2D wonder materials

VCU physics professor Loren Picco, Ph.D., is among a team of researchers that is the first to produce quantities of potentially revolutionary ribbons of phosphorene.

Since the isolation of 2-dimensional phosphorene — the phosphorus equivalent of graphene — in 2014, more than 100 theoretical studies have predicted that new and exciting properties could emerge by producing narrow “ribbons” of the material.

Now, those ribbons have been made and measured for the first time, and they could revolutionize electronics and fast-charging battery technology.

In a new study published in Nature, researchers from University College London, the University of Bristol in the United Kingdom, Virginia Commonwealth University and Ecole Polytechnique Federale de Lausanne in Lausanne, Switzerland, describe how they formed quantities of high-quality ribbons of phosphorene from crystals of black phosphorous and lithium ions.

One of the study’s co-authors was Loren Picco, Ph.D., associate professor in the Department of Physics in the VCU College of Humanities and Sciences. Picco’s research involves video-rate imaging with high-speed atomic-force microscopy, which enabled the detailed and rapid analysis of ribbons, in collaboration with the University of Bristol.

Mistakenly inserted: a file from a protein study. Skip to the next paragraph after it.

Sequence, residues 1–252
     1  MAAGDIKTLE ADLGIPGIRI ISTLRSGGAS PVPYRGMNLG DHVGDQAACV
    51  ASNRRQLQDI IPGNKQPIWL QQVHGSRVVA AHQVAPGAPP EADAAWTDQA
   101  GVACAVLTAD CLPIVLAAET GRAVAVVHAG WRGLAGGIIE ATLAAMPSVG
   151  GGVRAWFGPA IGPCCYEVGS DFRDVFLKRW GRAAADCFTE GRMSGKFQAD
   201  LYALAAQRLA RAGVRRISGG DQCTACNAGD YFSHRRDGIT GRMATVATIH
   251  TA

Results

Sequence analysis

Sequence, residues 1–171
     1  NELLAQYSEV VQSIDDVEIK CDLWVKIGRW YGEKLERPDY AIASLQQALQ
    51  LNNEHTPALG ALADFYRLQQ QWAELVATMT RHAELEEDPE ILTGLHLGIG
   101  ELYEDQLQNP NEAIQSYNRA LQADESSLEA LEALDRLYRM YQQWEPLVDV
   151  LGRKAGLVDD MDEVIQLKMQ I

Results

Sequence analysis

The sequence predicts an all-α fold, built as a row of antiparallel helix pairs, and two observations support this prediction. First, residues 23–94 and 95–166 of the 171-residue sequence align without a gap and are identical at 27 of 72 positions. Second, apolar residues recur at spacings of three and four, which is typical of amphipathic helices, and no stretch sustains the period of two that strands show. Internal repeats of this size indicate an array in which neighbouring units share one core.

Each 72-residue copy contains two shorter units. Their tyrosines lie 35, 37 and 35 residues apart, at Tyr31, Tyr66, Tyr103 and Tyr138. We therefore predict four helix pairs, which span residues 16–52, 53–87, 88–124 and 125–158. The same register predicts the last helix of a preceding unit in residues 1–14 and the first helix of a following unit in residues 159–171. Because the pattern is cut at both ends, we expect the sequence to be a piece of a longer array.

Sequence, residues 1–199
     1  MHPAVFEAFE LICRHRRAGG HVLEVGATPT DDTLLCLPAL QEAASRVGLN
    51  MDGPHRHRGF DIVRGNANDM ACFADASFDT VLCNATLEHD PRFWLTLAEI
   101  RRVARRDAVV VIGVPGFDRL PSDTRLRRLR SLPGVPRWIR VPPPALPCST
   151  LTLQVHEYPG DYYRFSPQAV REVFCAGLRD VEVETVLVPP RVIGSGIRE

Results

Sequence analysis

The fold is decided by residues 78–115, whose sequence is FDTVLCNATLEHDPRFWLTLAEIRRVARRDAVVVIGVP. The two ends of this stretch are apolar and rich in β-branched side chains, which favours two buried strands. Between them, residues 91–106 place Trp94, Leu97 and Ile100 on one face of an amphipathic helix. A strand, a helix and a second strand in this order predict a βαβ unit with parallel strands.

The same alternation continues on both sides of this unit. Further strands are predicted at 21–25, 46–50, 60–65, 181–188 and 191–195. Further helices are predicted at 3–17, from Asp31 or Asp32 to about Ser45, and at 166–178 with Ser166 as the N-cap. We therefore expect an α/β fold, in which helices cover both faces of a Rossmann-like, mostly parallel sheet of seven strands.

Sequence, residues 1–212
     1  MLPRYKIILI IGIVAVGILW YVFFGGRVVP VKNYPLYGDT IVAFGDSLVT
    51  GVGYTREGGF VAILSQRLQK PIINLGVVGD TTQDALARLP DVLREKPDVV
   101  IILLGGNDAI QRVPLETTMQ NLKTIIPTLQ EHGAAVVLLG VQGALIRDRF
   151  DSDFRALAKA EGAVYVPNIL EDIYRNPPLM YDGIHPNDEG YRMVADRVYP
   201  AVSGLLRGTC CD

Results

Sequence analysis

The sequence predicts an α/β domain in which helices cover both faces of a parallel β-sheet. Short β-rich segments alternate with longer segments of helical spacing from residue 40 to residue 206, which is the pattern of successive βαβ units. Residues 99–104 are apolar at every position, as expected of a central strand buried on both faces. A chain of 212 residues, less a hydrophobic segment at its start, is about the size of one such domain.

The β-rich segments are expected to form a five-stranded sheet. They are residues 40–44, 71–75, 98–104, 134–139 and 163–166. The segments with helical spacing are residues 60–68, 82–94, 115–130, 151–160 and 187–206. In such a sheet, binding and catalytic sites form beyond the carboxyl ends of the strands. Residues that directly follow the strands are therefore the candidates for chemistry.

Picco called the ribbons “2D wonder materials.”

“As we discovered the ribbons, our tools for characterizing their morphologies rapidly evolved,” Picco said. “The high-speed atomic force microscope that we built has the unique capabilities to map the nanoscale features of the ribbons over their macroscopic lengths. We could also assess the range of lengths, widths and thicknesses produced in great detail by imaging many hundreds of ribbons over large areas.”

The researchers believe the new material could be applied to technology such as batteries, solar cells, thermoelectric devices for converting waste heat to electricity, photocatalysis, nanoelectronics, quantum computing and more.

The nanoribbons are formed by mixing black phosphorus with lithium ions dissolved in liquid ammonia at -50 degrees C. After 24 hours, the ammonia is removed and replaced with an organic solvent that makes a solution of nanoribbons of mixed sizes. These ribbons were then shipped from UCL to Picco and the team at Bristol for analysis.

While continuing to study the fundamental properties of the nanoribbons, the team intends to also explore their use in energy storage, electronic transport and thermoelectric devices through new global collaborations.

The work was funded by the Engineering and Physical Sciences Research Council and the Royal Academy of Engineering.”


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